1. Atheists are attacking all of Christianity, both YEC and OEC. He wants religious people to stand together against such attacks, so he no longer wants his arguments beeing used to split/cause strife between different believers.
    2. The will of the majority should rule and people allowed to make their own mistakes. Schools should be allowed to teach creationism. State governments should be allowed to put up creches. Catholic hospitals should not be required to provide abortions and Georgetown’s health plan should not be required to cover contraception, etc. Because his words have been used by secularists to argue against the teaching of creationism in schools and so on, he’s withdrawing them so they can no longer be used for that.
    3. He still thinks YECism is wrong, but he thinks that his material is being used to censor (my paraphrase, not his word) religious thought out of the public square rather than intellectually critique it in the public square. Since he sees this as the wrong way to respond to YECism, he doesn’t want his material being used to do that.

    I think he’s wrong, but at least the three points I’ve outlined above are a bit more relevant to his decision than just ‘Sandra Fluke. Liberals and their social policies. Nyah.’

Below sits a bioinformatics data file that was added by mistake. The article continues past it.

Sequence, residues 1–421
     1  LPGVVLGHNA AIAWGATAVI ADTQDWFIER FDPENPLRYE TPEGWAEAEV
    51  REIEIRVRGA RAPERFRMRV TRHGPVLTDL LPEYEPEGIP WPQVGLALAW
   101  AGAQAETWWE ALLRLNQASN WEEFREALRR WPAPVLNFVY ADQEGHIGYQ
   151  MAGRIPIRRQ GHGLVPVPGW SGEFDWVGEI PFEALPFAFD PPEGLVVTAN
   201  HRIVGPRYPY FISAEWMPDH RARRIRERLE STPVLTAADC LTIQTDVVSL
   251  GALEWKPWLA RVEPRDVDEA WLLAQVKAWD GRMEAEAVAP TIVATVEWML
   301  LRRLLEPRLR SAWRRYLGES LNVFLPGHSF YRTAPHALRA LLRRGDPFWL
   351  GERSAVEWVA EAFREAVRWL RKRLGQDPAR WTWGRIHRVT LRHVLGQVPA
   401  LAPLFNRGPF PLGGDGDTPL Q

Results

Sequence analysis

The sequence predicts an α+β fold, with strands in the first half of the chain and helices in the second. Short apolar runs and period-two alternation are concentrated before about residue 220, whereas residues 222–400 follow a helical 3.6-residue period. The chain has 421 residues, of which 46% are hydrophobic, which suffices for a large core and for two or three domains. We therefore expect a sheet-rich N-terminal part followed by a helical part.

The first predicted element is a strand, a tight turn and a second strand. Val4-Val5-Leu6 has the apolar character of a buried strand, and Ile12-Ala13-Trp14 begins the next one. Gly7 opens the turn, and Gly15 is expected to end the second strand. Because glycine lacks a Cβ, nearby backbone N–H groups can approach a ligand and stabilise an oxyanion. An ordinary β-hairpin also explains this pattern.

10. eric says

    Heddle @1 – Morton says that his articles are copywrited and he’ll fight efforts by others to use them. So his words are probably out of the public domain. But as baal says, the same arguments and ideas can probably be expressed in new ways. “Morton’s Demon” is a very nice allegory of the confirmation bias, but its not like he can copywrite the confirmation bias.

  11. fastlane says

    So, based on eric’s synopsis, Morton:
    1) Thinks tribalism is more important than truth.
    2) We could bring back slavery if the majority wanted it.
    2a) Morton would be totes ok with Muslim displays in school and banning of pork, as well as the whole facing Mecca, etc, if they were a majority. (Color me skeptical.)
    3) See 1).